Thad has been instrumental in helping to develop the Northern Forest Higher Education Resource Network (NFHERN). Formed in 2009, NFHERN is “a diverse group of college faculty, administrators and community advocates committed to strengthening the ties between rural universities and the communities we serve.” Sterling is a member of NFHERN’s steering committee, and Dean Pavel Cenkl has worked closely with Thad to build up the organization. President Will Wootton recently attended NFHERN’s second annual meeting, and participated in a roundtable of college and university presidents from across the region.
Ann Guyer is President/CEO of PCS List & Information Technologies, a 28 year old direct marketing company, working primarily with professional associations, publishers, non-profits, universities, accrediting organizations and others in the areas of law, medicine, heath care, biosciences, finance, education, research and fundraising to expand their reach into respective disciplines and objectives. Ann is a lifelong artist, collector of art, supporter of several arts organizations, AIDS concerns, political initiatives and athletic organizations. She is a former trustee of Montserrat College of Art, active in the governance and finance, and development committees. She is a member of the Arts and Business Council of Boston auction committee, a participant in the Gifted Women's Initiative of Ambassador Swanee Hunt, and a three time award recipient of Top 100 Women Owned Businesses by Babson College and The Commonwealth Institute. She is a member and participant in the Direct Marketing Association List Leaders, Boston College Entrepreneur's Executive Forum and various business organizations.
Christina Hayward '05, is a certified equine nutrition specialist. Her practical skills, learned at Sterling, are often applied on the family farm in Middlesex, which she runs with her husband, Zachary Hayward, '04, and their children Kaelyn and Gregory. They have numerous farm animals, a garden, and raise poultry and beef. Her interests include art, photography and biological illustrations for publications.
Christina graduated from Sterling with a B.A. in Wildlands Ecology and Management and was a plant science teaching assistant at Sterling, where she found her passion focusing on invasive aquatic plant species in the waterways of Vermont and Maine. She worked with the Maine Center for Invasive Aquatic Species and the Lake Eligo Milfoil Removal Project. She has also worked extensively with Shire draft horses and as a verterinary assistant.
Wendy Koenig, J.D., has a broad range of experience relating to higher education, politics and business. She entered the lobbying realm as an associate with The Direct Impact Company, a grass-roots lobbying firm in Virginia. While there, she tracked and monitored legislation and gathered support for defense appropriation issues. Wendy later joined R.H. Perry & Associates, a higher education executive search & consulting firm based in Washington, DC. There she engaged in all aspects of the search process, including proposal research and candidate interviewing. Before joining the Association of Vermont Independent Colleges, she served as Director of the Manhattan office of Brain Trust, an innovative staffing agency for the IT and new media fields. Currently, Wendy is the Federal Relations Officer for the University of Vermont.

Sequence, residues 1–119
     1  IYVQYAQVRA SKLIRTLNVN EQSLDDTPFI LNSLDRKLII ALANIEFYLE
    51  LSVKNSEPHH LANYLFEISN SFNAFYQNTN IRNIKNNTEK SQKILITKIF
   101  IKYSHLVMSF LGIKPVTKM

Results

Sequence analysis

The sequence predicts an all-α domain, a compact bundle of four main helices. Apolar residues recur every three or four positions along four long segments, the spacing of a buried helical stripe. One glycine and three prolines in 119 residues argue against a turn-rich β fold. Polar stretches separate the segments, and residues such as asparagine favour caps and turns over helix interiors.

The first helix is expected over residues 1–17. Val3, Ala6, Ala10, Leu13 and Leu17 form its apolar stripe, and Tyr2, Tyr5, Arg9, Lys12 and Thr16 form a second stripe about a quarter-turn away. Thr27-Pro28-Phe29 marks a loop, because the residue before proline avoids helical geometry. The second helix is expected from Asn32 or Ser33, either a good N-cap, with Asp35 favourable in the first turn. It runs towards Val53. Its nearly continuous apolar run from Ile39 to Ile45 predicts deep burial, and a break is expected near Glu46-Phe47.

Wendy graduated from Georgetown University with a B.S. in Foreign Language (Spanish) and received her J.D. from Catholic University of America.
Jonathan Larsen holds a B.A. and an M.A.T from Harvard, and worked for several years as a correspondent and editor at Time Magazine. In the early 1970s, he served as Saigon bureau chief, covering among other things the disintegration of the U.S. Army and the corruption of the South Vietnamese government. From 1974 through 1978, Jon edited the national biweekly, New Times. When it folded in 1979, he was named a Nieman Fellow at Harvard and followed that up with the editor’s position at Village Voice in the early ‘90s. Since then, Jon has kept busy freelancing for such publications as the Columbia Journalism Review and Amicus Journal.
Jon has extensive board experience. He served on the Natural Resources Defense Council for over 20 years, and was conferred with honorary trustee status. On the Cambridge College Board, in Massachusetts, he has served six years as chairman. For many years, Jon judged for the John Oakes Award, a recognition given for environmental journalism. He lives in New York City and Moretown, Vermont.
Penny Schmitt worked in the New York City advertising world, first at J. Walter Thompson, then at Medical News, and then with Geer, Dubois. She was an account supervisor on New England Life Foster Grant, American Petrofina, and Teacher’s Scotch. Her community work extended to the Community Planning Board 8, representing the Upper East Side of Manhattan. Eventually she specialized in institutional expansion within the district, working with hospitals and their impacts on their surroundings. She also headed communications for the Rat Control Project for the City of New York, working with the NYC Health and Police Departments. She says she “learned a lot, and not just about rats.” In 1973, she bought, with her husband Michael, the Inn on the Common in Craftsbury Common. After a long, mostly enjoyable run, they sold the Inn in 2003. Penny holds a B.A. from Bryn Mawr, and attended high school at Miss Porter’s in Farmington, CT.